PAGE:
This is a profound thank you to everyone who has contributed to Idibon, whether as a staff member, advisor, investor, partner or client. When we founded Idibon four years ago, Silicon Valley wasn’t interested in artificial intelligence, thinking there was little place for it outside of academia. Our goal was to bring language independent technology to as much of the world as possible, and we achieved this for smart phones, gaming, the auto-industry, healthcare, and finance services, transforming them into industries that now use machine learning to automate core business tasks. We guided our clients into the next generation of computing, as a company working on cutting-edge technology with the belief in supporting the diversity of the world’s languages and the power of technology created by a diverse workforce.
Idibon was formed to bring language technologies to all the world’s languages. Only 5% of the world’s conversations each day are in English, but as the world comes online the majority of people are being excluded. Language technologies we take for granted in English, from search engines to spam filtering, work only in a handful of the world’s 7,000 languages. In these and more advanced language technologies, like smart personal assistants and social analytics at scale, we are falling far too short when enabling people to enter the digital age on their own terms.
We showed the world that it was possible to build and ship language technologies that used artificial intelligence to automatically adapt to any language. Organizations using Idibon’s technology supported users in more than 60 languages. Some of the language we’ve supported have less than 100,000 speakers, which is a community that wouldn’t be financially viable to support if the technology needed to be manually adapted to each language. In short, we proved the market for supporting the full diversity of the world’s languages.
Worldwide, our products impacted leading companies. As a result, the largest manufacturer of smartphones became smarter in more languages. We powered the most visited website for information about automobiles. The most popular game in history made decisions based on community feedback that we filtered. The world’s most successful auditing company selected us as their preferred vendor for social media analytics. We helped the leading financial news service expand into more languages. The leaders in these markets paid seven figures for Idibon’s products, and they found enough value in our technology that we never lost a single client to a competitor.
Our client’s happiness was built on technology that is ahead in many dimensions. Our AI was built to adapt to any language using only input from native speakers. It took us just days working in new languages to beat prior state-of-the-art performance for tasks like sentiment analysis, filtering, and information extraction. It was always exciting to see a non-technical user start interacting with our technology, and behind the scenes the machine learning seamlessly started adapting to their specific task, while ensuring the quality of the data coming from the human users. On the deployment side, it was a joy to see our team give an already well-engineered machine learning library within Spark a 40x speed up, open-sourcing the innovation so that engineers everywhere can take advantage of low latency scalable machine learning.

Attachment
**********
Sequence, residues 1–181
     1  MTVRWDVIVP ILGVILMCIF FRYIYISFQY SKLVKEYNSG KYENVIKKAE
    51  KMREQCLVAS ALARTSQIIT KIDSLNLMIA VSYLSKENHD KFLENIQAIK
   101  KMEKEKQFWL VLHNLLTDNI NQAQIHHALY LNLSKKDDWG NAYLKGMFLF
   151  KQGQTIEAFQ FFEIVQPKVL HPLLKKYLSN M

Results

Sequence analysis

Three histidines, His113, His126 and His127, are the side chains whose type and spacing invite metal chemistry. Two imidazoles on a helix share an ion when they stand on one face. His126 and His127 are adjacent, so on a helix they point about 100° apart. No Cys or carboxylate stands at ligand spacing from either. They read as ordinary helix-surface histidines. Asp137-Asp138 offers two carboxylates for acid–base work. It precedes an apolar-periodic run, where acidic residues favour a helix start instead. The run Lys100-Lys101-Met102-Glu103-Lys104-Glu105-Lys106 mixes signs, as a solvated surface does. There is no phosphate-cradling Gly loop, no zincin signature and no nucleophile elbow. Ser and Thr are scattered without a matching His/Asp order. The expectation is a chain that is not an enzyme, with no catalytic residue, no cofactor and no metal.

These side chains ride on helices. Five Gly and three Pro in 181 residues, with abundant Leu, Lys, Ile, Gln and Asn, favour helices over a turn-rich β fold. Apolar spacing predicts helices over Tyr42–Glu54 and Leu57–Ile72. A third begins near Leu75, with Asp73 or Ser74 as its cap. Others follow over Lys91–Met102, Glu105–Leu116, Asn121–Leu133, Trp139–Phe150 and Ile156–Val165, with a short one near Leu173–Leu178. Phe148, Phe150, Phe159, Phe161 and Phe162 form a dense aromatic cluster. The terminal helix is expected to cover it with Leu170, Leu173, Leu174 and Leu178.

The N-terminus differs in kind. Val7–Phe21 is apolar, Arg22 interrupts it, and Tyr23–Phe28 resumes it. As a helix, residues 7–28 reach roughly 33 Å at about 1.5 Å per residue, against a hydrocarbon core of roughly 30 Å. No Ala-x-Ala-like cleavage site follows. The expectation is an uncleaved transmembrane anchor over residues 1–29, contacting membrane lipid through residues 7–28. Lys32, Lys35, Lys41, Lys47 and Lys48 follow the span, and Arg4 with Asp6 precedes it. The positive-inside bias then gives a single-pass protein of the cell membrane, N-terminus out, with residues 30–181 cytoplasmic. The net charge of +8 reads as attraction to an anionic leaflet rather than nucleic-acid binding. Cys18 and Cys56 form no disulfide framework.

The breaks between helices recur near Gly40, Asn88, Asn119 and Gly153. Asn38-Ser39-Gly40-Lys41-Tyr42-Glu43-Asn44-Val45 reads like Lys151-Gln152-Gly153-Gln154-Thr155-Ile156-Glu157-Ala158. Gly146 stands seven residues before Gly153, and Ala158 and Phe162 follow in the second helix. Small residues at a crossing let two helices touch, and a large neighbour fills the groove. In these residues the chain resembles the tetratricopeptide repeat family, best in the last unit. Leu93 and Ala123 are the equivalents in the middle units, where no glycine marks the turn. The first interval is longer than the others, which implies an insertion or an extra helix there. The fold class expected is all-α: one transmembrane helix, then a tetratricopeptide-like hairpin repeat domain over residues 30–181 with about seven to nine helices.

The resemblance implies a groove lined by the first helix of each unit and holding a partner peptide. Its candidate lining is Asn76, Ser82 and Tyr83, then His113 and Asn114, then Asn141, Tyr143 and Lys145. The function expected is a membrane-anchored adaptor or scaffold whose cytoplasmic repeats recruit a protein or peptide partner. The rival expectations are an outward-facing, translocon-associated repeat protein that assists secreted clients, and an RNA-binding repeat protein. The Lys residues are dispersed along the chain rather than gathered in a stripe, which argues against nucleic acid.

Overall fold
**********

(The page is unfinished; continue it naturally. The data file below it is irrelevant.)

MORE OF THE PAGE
The impact was often more direct. MIT and Stanford students used our technology to research disaster response, FEMA used real-time damage analysis that we hosted when responding to hurricane Sandy in New York, and we have been used across sub-Saharan Africa for everything from election monitoring to maternal health. When they needed to process text messages sent by citizens globally, the United Nations came to us.
With our mission to have a positive impact on the world, we said “no” to helping governments spy on citizens: in one case, on four different occasions to the same government. Allowing organizations to support social good globally has been core to Idibon’s mission, and we are proud that we brought computational linguistics to many languages for the very first time, while directing the best technology towards positive impact.
More than anything else, I am proud of the team that worked together. The team embraced diversity more than anywhere I have seen before and this was our strength. We always spoke more languages than we had people and we consistently had a gender-balanced staff, including in engineering. I’m proud that we had a company where single mothers thrived, at least one doubling her salary in jobs before/after Idibon. Most staff members had worked in both international development and Silicon Valley companies before joining Idibon, and most people joined Idibon with more lucrative competing offers. Despite this, over our entire life only two people declined an offer to join us, and only one engineer ever quit. I am profoundly grateful for everyone’s commitment to Idibon’s goals. In too many tech companies, staff derive comfort in coming to workspaces populated by people just like themselves. We found inspiration coming to an office where everybody was profoundly unique.
On a personal level, I am grateful that many staff members have called Idibon their favorite place to work, and that many of our investors have said that they would happily invest in our future ventures. Every staff member, advisor, investor, partner and client should be proud of the positive impact they had on the world, from advancing AI to advancing the strength that comes from diversity: both linguistic diversity and from among the engineers creating our future technologies.